tutorial

pdfDebug is an add on component that is available for iText 7. Its basic function is to allow a programmer to see inside of a PDF while it is being created. This allows for advanced debugging on programs that use iText to create or manipulate PDFs. Interested? Let’s take a look at how it works with an example. To start, we created a simple program whose goal is to create a pdf that has four pages, with one phrase on each page. Page 1: Hello World, Page 2: Hello People, Page 3: Hello Everyone. In addition, we want the headers Item 1, Item 2, or Item 3 depending on the page which it appears on...

Chapter 7: Handling events; setting viewer preferences and printer properties

Figure 7.1: Pages with different orientations
Figure 7.1: Pages with different orientations

We started with a chapter about fonts. In the chapters that followed, we discussed the default behavior of every element: Paragraph, Text, Image, and so on.

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Chapter 6: Creating actions, destinations, and bookmarks

When we discussed the Link building block in chapter 3, we created a URI action that opened a web page on IMDB when we clicked the text rendered by the Link object. We briefly mentioned that clickable areas are defined using Link annotations, and we referred to chapter 6 –this chapter– when we explained that createURI() created only one of many types of actions. In the examples that follow, we'll discover some more types, and we'll also learn about different types of destinations that can be used in a link.

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We announced iText 7 at the Great Indian Developer Summit in Bangalore on April 26, 2016. We released the first version of iText 7 in May. This tutorial is the first manual on how to use iText 7. It’s not the ultimate resource the way “iText in Action” was for iText2 and “iText in Action – Second Edition” for iText5. It’s called a Jump-Start Tutorial because it gives you a quick overview of the basic iText functionality, limited to PDF creation and manipulation. This allows new iText users to discover what’s possible, whereas seasoned iText users will spot what’s different...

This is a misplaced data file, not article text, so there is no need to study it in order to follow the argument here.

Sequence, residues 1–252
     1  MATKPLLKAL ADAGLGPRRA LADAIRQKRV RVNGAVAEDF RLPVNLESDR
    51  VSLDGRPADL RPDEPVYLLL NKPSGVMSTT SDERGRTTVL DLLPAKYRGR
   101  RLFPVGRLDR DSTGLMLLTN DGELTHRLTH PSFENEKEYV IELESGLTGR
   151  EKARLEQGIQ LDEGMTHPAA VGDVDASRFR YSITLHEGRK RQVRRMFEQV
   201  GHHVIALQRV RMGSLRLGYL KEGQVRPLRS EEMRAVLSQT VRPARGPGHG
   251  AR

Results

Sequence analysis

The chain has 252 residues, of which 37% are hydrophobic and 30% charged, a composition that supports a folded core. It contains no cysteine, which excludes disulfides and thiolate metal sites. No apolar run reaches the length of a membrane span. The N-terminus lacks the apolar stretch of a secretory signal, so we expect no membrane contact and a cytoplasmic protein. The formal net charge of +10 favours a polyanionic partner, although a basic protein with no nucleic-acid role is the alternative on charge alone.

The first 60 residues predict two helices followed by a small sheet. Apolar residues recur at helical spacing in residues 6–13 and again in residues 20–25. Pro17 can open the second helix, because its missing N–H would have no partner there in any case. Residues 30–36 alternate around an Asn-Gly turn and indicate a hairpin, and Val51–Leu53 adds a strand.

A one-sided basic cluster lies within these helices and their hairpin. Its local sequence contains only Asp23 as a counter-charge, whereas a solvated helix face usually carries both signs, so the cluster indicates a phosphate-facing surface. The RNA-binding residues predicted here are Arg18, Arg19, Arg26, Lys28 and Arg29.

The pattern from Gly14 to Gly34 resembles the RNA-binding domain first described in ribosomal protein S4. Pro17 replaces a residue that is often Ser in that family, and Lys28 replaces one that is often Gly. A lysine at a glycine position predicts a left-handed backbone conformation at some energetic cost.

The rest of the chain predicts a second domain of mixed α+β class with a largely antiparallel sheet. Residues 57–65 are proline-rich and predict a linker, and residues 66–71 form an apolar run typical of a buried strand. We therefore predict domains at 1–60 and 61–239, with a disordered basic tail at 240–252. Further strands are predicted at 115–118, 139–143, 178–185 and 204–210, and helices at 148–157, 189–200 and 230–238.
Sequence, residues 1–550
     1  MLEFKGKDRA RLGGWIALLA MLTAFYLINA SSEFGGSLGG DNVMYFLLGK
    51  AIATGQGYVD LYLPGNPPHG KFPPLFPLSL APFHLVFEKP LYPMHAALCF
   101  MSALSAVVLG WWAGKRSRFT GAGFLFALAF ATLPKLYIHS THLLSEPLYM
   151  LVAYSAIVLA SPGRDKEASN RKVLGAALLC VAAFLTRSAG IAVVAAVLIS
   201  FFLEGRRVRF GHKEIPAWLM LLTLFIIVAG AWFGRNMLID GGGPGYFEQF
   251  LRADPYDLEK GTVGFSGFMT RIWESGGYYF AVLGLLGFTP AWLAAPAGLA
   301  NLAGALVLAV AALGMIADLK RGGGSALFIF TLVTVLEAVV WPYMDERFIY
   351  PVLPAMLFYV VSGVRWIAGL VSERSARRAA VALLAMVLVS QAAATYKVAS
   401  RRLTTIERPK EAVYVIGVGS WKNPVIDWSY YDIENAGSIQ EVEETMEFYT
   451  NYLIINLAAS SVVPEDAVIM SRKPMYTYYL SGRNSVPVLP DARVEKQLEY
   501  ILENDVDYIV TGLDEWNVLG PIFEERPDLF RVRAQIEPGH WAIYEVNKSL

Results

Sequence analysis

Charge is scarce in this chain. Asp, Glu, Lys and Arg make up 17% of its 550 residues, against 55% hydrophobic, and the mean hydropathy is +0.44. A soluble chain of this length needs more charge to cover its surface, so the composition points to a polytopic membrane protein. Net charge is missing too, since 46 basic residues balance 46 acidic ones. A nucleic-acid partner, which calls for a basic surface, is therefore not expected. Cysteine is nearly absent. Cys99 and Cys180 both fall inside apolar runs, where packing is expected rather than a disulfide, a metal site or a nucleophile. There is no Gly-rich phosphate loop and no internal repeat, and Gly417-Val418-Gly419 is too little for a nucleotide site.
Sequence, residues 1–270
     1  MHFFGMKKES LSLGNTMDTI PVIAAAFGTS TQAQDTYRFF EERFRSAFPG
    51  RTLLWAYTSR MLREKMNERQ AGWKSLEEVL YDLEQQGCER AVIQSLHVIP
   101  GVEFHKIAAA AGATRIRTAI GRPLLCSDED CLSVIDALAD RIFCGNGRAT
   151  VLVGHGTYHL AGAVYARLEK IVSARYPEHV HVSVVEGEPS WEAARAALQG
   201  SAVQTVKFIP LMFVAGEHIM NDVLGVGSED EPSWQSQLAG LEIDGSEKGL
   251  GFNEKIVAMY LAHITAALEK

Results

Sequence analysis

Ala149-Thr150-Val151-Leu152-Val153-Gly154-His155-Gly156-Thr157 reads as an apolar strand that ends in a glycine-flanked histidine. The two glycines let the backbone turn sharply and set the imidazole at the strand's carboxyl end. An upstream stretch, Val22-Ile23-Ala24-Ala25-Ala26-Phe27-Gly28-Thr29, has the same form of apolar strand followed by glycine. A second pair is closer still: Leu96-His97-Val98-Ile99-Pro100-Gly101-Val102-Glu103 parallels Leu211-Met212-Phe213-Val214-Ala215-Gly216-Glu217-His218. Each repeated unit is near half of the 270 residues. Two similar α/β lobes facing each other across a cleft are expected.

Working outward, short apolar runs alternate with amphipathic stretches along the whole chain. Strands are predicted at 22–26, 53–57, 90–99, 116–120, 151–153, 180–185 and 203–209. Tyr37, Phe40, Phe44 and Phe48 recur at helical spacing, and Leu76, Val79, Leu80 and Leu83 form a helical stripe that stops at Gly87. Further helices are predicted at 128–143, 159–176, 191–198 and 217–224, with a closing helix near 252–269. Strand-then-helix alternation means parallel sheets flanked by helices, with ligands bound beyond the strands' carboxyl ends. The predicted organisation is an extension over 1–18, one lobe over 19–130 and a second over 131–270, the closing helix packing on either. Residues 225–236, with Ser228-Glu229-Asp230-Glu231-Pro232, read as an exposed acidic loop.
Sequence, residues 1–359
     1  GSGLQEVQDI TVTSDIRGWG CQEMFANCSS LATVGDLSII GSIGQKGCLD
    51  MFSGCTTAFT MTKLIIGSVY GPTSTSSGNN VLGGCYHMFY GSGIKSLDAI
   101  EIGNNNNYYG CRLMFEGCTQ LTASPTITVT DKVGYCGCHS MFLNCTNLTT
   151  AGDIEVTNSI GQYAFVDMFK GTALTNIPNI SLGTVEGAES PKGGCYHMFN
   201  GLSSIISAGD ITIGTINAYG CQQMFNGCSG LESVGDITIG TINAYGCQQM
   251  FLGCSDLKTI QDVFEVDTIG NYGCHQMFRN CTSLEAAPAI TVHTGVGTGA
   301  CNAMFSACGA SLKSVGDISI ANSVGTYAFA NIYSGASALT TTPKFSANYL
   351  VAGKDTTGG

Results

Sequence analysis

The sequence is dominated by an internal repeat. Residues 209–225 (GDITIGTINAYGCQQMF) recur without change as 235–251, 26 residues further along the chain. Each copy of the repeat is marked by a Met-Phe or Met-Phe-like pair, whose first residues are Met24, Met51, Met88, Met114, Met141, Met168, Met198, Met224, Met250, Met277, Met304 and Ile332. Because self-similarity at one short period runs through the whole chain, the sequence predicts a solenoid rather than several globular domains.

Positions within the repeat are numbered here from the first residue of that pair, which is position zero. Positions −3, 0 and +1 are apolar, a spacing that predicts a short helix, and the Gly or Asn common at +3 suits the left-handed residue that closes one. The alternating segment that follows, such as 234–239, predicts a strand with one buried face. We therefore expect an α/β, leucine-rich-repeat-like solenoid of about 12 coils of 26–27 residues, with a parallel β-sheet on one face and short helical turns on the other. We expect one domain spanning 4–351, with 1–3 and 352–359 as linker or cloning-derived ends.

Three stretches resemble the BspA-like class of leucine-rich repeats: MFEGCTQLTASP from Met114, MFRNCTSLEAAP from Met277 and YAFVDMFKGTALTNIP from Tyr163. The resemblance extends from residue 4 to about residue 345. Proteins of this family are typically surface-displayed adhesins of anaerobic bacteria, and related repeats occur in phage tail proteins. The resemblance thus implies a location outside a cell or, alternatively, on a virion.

Chapter 5: Adding AbstractElement objects (part 2)

Once we've finished this chapter, we'll have covered all of the basic building blocks available in iText 7. We've saved two of the most used building blocks for last: Table and Cell. These objects were designed to render content in a tabular form. Many developers use iText to convert the result set of a database query into a report in PDF. They create a Table of which every row corresponds with a database record, wrapping every field value in a Cell object.

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Chapter 4: Adding AbstractElement objects (part 1)

In previous chapters, we've already discussed five classes that implement the AbstractElement class. We've discussed the AreaBreak class in chapter 2, and we've discussed the four classes implementing the ILeafElementTab, Link, Text, and Image– in chapter 3. In this chapter, we'll start with a first series of AbstractElement implementations. We'll take a look at the Div class to group elements and at the LineSeparator to draw lines between elements.

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Chapter 3: Using ILeafElement implementations

The ElementPropertyContainer has three direct subclasses: Style, RootElement, and AbstractElement. We've briefly discussed Style at the end of chapter 1. We've discussed the RootElement subclasses Canvas and Document in the previous chapter. We'll deal with the AbstractElement class in the next three chapters:

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